Cornell's most daring step: Hoping to find Zuckerberg on new campus
Image: Jason Koski / Cornell University
ake Reisch, then a junior at Cornell University, sketched out his idea for Audiarchy, a company that would rent headsets for trendy silent discos (DJ shows where people listen to music through wireless headphones instead of a normal speaker system). The panel of VCs and entrepreneurs in his Entrepreneurship & Private Equity class on hand that day in May 2012 thought he was onto something.
So Reisch ditched a summer internship and started planning the company with Matt Reiners, his co- founder and childhood friend. That fall they were accepted into eLab, an on-campus accelerator programme for student companies. Thanks to a nifty search engine optimisation, their first major client, New York’s Museum of Modern Art, came knocking before Reisch and Reiners had fully sourced their product; they managed to get 300 headphones for that event and were off and dancing. With support from Cornell—including access to dozens of investors and mentors—they have since booked parties with Red Bull, Nestlé, Viacom, MTV2 and Pepsi, running 100 events in 2013 and clocking six-digit revenues.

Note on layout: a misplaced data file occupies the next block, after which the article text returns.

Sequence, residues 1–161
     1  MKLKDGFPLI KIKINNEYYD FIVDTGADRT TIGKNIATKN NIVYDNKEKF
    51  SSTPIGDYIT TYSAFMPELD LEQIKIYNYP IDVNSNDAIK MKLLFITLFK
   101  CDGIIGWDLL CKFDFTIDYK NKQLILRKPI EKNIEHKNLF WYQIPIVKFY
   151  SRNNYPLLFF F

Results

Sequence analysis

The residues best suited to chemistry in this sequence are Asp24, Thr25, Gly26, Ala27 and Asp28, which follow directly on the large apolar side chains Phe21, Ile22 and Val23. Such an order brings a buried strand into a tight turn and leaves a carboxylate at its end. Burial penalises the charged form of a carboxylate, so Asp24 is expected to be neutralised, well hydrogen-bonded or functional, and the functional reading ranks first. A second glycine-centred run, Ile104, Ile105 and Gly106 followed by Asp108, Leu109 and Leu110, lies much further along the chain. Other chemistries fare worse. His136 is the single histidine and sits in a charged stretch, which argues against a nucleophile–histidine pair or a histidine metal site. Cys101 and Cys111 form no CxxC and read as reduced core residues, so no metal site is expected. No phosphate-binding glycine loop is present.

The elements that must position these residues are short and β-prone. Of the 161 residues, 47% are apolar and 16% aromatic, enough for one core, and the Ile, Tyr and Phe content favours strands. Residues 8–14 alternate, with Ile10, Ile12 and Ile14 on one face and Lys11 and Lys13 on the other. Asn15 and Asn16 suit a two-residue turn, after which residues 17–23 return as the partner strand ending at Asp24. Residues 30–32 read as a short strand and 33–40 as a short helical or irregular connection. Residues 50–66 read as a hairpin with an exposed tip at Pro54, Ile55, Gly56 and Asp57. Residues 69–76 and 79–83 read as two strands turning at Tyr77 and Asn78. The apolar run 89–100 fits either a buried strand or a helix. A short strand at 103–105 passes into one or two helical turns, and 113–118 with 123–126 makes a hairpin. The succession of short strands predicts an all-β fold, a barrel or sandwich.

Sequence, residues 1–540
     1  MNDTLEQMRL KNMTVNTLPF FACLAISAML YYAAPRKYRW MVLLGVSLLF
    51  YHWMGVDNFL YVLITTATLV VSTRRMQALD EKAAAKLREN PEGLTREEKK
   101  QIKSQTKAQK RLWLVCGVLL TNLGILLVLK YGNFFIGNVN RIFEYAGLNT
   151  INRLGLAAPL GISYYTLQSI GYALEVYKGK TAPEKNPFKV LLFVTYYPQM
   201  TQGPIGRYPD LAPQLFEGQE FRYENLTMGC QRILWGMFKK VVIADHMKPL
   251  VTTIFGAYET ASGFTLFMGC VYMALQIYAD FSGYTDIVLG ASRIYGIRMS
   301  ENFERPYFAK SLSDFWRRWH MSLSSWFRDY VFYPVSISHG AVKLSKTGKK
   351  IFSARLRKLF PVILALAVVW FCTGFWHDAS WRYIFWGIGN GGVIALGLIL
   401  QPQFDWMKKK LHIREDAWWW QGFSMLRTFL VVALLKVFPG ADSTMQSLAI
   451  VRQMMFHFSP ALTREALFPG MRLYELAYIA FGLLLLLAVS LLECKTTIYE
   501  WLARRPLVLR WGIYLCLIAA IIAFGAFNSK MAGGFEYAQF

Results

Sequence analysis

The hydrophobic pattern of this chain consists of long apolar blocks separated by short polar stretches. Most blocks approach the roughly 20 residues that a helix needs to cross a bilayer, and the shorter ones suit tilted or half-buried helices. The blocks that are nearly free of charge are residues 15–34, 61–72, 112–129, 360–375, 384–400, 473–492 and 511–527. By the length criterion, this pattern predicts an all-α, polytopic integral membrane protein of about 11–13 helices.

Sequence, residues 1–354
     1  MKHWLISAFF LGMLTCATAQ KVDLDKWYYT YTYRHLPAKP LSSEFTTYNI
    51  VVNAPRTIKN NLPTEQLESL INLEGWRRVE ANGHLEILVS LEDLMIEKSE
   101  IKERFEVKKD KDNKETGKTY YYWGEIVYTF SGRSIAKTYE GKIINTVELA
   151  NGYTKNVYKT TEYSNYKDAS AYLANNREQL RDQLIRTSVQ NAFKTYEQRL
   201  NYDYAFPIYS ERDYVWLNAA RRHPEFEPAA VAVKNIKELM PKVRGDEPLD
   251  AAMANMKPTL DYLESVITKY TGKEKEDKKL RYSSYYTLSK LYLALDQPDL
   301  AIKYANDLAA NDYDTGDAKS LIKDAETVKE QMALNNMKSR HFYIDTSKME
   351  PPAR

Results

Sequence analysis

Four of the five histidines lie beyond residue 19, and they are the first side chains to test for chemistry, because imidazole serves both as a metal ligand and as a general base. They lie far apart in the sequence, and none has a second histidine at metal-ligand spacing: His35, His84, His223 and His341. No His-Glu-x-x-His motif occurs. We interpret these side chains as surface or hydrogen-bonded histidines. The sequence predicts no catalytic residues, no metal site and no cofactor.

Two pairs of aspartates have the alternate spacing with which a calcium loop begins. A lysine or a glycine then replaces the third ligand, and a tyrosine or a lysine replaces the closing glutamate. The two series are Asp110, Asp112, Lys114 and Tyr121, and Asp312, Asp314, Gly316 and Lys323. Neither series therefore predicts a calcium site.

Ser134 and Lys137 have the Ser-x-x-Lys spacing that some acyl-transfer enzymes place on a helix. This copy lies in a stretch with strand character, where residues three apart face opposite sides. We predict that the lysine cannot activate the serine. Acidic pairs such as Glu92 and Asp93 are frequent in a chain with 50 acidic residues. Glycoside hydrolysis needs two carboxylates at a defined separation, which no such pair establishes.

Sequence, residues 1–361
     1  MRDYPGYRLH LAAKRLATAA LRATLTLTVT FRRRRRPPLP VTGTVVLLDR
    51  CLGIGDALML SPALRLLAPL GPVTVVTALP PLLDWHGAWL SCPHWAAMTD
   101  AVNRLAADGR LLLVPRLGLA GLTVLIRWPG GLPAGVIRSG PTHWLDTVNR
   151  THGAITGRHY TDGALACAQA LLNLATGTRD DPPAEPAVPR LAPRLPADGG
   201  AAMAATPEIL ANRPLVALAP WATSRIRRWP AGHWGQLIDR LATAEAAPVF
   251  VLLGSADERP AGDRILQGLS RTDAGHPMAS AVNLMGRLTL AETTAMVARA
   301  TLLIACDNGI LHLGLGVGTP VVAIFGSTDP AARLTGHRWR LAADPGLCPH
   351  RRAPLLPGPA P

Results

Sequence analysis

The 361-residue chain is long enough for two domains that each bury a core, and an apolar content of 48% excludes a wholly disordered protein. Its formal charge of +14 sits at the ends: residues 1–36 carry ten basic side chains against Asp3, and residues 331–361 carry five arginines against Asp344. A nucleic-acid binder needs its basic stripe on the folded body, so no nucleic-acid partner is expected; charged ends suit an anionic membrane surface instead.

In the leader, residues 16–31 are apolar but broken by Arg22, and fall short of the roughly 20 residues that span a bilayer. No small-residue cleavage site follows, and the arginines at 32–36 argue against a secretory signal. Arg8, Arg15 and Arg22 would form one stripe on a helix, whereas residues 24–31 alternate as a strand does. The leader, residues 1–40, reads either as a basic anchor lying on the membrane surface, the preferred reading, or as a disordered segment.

This year Audiarchy is on course to do around 250 events and double revenue to over $200,000. Their headphone line is already profitable, and Reisch is now focusing on a new market, pivoting part of the business to provide audio for senior citizens. “There’s this formula coming together at Cornell that is helping startups, and we’re getting support from the alumni, which is why I see so much value in the university,” says Reisch, 24, sitting in the mahogany-walled Cornell Club in midtown Manhattan. “All the feedback and mentorship really helped me navigate the early phases,” Reisch says. “I wouldn’t have jumped into the business had I not gained encouragement from professors.”